?We have previously stated that the Company is under tremendous economic pressure. Strikes and work stoppages will result in further losses that will hamper plans for future sustainability and further threaten the future of our 45, 000 employees,? Griffith stressed. (bdlive.com.za, September 27)
?The company has engaged AMCU on the picketing rules to ensure a peaceful strike action.?
Griffth said the strike was legal for AMCU-affiliated workers only and not for members of the National Union of Mineworkers, the National Union of Metalworkers of South Africa and the United Association of South Africa (UASA).
On September 27, 2,000 workers rallied in support of the strike. AMCU leaders denied that it was intimidating other workers who are not participating in the strike.
“If they do not meet us at least half way, the strike will continue,” Thebe Maswabi, an AMCU branch chairman, told Reuters.
Anglo American Reaches Settlement With Injured Workers
In a landmark legal decision, 23 miners from South Africa and neighboring Lesotho have won a settlement against Anglo American for injuries that occurred on the job. The amount of the settlement remained undisclosed and the company was not required to admit guilt.
The settlement could open the way for compensation claims by thousands of other miners who contracted lung diseases while employed with Anglo American. This was the first of such a compensation settlement in South Africa.
These claimants were represented by Atty. Richard Meeran of the London-based firm Leigh Day which brought the initial case in 2004. Most of the injuring stemmed from the apartheid-era conditions prevailing in the mines.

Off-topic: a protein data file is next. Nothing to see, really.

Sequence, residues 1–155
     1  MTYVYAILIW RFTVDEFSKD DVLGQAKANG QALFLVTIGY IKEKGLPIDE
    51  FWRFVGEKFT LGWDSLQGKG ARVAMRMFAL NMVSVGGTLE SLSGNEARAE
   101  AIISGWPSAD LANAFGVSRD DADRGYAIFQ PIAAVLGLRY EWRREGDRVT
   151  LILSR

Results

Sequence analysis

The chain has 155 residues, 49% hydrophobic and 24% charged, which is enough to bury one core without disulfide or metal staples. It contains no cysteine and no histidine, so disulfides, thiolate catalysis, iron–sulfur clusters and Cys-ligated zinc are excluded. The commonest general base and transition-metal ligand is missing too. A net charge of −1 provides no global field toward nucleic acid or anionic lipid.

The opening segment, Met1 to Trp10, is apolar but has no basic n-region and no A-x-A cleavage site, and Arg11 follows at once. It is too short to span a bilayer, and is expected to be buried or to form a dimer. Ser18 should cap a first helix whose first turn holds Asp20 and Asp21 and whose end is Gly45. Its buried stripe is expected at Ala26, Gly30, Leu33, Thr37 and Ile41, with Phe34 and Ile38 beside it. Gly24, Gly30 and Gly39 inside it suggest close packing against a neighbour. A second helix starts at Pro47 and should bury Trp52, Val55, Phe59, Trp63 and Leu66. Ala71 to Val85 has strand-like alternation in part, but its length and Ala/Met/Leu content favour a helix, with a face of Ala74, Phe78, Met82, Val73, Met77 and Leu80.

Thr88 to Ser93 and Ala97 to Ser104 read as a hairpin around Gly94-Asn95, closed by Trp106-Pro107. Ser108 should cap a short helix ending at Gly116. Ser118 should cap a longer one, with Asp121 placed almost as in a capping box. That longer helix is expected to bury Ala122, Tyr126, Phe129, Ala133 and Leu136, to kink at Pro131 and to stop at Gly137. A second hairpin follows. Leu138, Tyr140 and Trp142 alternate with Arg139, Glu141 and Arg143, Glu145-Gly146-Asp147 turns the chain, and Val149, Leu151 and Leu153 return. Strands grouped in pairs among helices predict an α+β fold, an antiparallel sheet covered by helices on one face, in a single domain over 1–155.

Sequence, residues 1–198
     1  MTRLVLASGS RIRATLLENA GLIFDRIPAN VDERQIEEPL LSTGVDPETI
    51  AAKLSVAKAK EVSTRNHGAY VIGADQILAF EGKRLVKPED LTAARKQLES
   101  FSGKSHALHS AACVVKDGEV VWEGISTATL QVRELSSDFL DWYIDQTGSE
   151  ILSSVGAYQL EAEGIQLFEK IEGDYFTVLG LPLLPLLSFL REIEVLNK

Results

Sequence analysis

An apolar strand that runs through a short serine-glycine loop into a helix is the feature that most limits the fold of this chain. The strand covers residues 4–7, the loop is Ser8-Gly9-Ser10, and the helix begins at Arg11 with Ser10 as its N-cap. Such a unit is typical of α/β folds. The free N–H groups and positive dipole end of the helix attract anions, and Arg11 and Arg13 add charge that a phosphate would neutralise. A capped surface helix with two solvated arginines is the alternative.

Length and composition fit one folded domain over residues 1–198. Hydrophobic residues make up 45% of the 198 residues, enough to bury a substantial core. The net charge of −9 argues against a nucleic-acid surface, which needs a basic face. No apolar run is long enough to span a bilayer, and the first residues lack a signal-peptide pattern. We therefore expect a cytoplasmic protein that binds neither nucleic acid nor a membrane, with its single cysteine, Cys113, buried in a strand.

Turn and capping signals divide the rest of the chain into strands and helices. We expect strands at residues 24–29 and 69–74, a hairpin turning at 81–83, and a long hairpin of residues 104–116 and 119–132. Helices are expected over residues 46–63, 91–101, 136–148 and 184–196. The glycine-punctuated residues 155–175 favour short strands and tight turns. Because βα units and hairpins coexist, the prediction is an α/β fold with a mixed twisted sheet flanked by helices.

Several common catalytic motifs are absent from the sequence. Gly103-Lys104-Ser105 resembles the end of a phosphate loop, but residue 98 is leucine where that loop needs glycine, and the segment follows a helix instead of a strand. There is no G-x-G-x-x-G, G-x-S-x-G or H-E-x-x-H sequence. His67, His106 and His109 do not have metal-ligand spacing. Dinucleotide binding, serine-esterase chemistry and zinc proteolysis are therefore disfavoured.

Since the collapse of apartheid and the rise to power of the African National Congress (ANC) many say that conditions have improved in the mining industry.? This settlement could also establish a precedent involving other cases brought against AngloGold Ashanti, Harmony and Gold Fields corporations.
?In a technical and legal sense it?s currently the first settlement of this type in South Africa,? Meeran said. ?After this settlement you?d have to wonder why Anglo or other companies would contest similar cases ? it would defy logic.? (Christian Science Monitor, September 27)
In reference to the settlement, Khanyisile Kweyama, the executive director of Anglo American South Africa said in a statement that ?We continue to work with industry, government and civil society to tackle the many challenges of primary health care in South Africa. Our collective objective is to significantly improve the access and quality of care available to all South Africans as well as ensuring a healthy and safe working environment for all our employees.?
These developments in South Africa illustrate the need to continue the National Democratic Revolution in the direction of socialism. Mine owners in the gold sector have been able to close facilities and downsize their work force.
Anglo American which was formed in South Africa under settler-colonialism in 1917, re-located its headquarters to London in 1999, just five years after the coming to power of the ANC. Anglo American merged with a Luxembourg-based Minorco corporation and established its base in England.
The corporation sold off its South African gold mining interests to other capitalists. Anglo American still has substantial interests in the platinum, iron ore and thermal coal sectors in South Africa.
Under socialism the mining companies and its facilities could be nationalized by the government and turned over for full management and operation by the workers. As the capitalists continue their predatory actions aimed at maximizing profits and disempowering workers, the issue of workers control of the mines and other means of production in South Africa will become the only solution to the preservation of jobs and the improvement of working conditions.